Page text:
|Botched ESA switch sees 5,000 die before receiving benefits
A government error saw 5,000 chronically ill and disabled people die before they could receive benefits they were entitled to. The error occurred when they were switched over from incapacity benefit and severe disablement allowance to employment and support allowance (ESA).
The DWP failed to follow its own guidance in properly checking claimants’ full entitlements before switching, A review is now being undertaken of 600,000 cases with 122,000 people being paid on average £5,000 to which they are entitled.
DRUK’s Evan Odell said: “That 5,000 disabled people were denied the proper support to live independently before they died is scandalous, as is the 112,000 people who had had to wait years for these errors to be corrected.
“To make matters worse, the problems with the employment and support allowance system that have led to hundreds of millions of pounds of arrears payments are still present. Seventy-five per cent of ESA applicants who appeal DWP decisions to the social security tribunal win; this case is merely one more piece of evidence showing how ESA is not fit for purpose.” More here: https://www.disabilityrightsuk.org/news/2020/january/5000-died-without-benefit-entitlements-botched-esa-switch
Don’t push the Red Button service, BBC urged
A consortium of Disabled Persons Organisations (DPOs) including The National Federation of the Blind UK (NFBUK) and Disability Rights UK is calling on the BBC to keep its Red Button Teletext service which is set to be withdrawn at the end of January 2020.
The Red Button service has largely been replaced in popular use by internet services, but for visually impaired, D/deaf, disabled, older people and other hard to reach social groups, many of whom do not have internet access, it is a vital service.
The consortium is concerned that withdrawal of the service will leave many people who are already vulnerable further isolated and marginalised from society. It has fears that the BBC may not be meeting its obligations set out in the Royal Charter for public broadcast if the Red Button Teletext service is withdrawn. More here: https://www.disabilityrightsuk.org/news/2020/january/dpo-consortium-calls-bbc-not-push-red-button-service
Half of disabled travellers feel they can’t fly, finds Which? survey
A lack of adaptations by travel-related businesses has led to half of all disabled people feeling they cannot fly according to a survey of disabled people by Which? Travel and the Research Institute of Disabled Consumers (RIDC).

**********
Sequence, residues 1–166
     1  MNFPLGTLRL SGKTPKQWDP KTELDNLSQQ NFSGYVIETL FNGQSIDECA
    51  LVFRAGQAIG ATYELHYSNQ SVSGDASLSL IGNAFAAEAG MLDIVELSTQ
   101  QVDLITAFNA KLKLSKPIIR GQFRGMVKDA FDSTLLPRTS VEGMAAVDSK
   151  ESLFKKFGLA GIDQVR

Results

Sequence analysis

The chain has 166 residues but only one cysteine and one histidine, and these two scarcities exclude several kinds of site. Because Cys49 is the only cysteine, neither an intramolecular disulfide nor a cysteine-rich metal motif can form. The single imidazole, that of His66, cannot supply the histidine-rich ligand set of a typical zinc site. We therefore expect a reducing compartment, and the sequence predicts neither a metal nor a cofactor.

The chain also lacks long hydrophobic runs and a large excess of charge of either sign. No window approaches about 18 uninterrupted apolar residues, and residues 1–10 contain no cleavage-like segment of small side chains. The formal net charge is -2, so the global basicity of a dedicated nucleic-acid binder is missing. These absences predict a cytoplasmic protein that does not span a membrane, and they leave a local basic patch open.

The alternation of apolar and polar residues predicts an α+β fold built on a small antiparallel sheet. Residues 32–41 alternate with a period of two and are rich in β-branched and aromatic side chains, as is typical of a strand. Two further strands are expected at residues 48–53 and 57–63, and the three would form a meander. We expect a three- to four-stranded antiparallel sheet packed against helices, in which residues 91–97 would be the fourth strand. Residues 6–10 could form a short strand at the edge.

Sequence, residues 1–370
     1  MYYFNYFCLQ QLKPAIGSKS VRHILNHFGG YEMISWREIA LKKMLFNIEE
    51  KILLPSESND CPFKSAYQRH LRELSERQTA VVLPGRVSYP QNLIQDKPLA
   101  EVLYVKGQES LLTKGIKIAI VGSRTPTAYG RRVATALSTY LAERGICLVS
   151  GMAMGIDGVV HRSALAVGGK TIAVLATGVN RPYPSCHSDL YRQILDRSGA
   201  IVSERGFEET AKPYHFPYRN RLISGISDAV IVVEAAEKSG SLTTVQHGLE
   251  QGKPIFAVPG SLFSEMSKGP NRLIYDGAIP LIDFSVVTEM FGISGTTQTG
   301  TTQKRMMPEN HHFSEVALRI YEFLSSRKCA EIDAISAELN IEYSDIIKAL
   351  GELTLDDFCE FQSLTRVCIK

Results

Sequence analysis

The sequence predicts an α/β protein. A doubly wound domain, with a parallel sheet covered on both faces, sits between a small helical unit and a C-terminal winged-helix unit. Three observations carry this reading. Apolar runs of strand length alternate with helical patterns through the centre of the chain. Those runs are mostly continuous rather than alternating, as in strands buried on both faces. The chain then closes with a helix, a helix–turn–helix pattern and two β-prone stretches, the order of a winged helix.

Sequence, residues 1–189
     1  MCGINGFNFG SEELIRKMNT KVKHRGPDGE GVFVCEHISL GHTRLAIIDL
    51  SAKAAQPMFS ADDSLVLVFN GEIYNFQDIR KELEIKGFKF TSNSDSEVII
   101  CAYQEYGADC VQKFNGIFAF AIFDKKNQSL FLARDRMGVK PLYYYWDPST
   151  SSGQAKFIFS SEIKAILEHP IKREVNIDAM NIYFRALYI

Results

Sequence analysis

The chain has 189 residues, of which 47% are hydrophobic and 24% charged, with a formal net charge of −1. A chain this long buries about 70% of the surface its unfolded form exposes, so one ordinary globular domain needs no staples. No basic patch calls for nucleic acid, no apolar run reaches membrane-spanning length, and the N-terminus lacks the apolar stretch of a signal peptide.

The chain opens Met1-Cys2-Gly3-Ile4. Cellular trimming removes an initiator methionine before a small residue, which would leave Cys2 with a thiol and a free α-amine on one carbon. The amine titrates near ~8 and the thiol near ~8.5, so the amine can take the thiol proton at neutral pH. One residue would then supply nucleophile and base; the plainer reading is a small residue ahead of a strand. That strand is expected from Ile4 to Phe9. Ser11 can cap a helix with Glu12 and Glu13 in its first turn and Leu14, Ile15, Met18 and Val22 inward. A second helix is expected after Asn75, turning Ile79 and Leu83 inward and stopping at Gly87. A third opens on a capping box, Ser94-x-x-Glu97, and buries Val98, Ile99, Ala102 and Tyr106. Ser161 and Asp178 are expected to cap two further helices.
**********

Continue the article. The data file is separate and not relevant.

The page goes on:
A quarter were dissatisfied with the assistance available, rising to nearly a third for Heathrow services.
A lack of staff to provide legally necessary assistance has resulted in passengers’ safety being put in peril. Airports do not provide self-propelled wheelchairs, and disabled people who don’t use wheelchairs also feel discriminated against, feeling that staff only class wheelchair users as disabled.
Travel blogger Martin Sibley points out the business case for better travel for disabled people. “If we’ve got 1.3 billion people with disabilities in the world, that equates to $8 trillion of spending power. In 2020, I believe it’s the right thing that everybody should be included in transport.”
Travel writer Emily Rose Yates told The Daily Telegraph: “It’s tough to keep going when the stuffing has been knocked out of you and you just can’t bear the thought of encountering another damaged wheelchair disembarking the plane with you, or explaining once again to the hotel manager that accessibility does not mean a lift with five steps up to it.”
The RIDC has created a web resource to help people ask for the help they need when travelling: https://www.ridc.org.uk/news/special-assistance-airports.
More here: https://www.which.co.uk/news/2020/01/almost-half-of-disabled-people-feel-they-cant-travel-by-air/
Large increase in disability employment discrimination cases
An analysis of cases being brought to employment tribunals published by the Financial Times has shown a “surge” in cases of disability discrimination. DRUK’s Evan Odell said:
“The increase in disability discrimination cases being brought to tribunal after the removal of tribunal fees was entirely predictable. But many barriers to justice remain for disabled people. Cuts to legal aid and the lack of support for law centres means many disabled people struggle to access free and impartial legal advice about their employment rights, or face financial barriers to bringing a claim even without the fees. Many employers large and small also remain unaware of their legal duties towards disabled employees and the benefits of having disabled people on staff, as well as programmes like Access to Work that can pay for the cost of many reasonable adjustments.” Read the full story here:
Disabled persons’ employment up by 350,000
Employment data released earlier this month shows that an estimated 4.2 million disabled are in work, an increase of 354,000 from the previous year. This represents 53.2% of disabled people, up from 51.2% a year previously. However the number of disabled people who are economically inactive also increased slightly. There remains a large ‘disability employment gap’. The employment rate of disabled people is 28.6% lower than non-disabled people. The full report can be read at: https://researchbriefings.parliament.uk/ResearchBriefing/Summary/CBP-7540#fullreport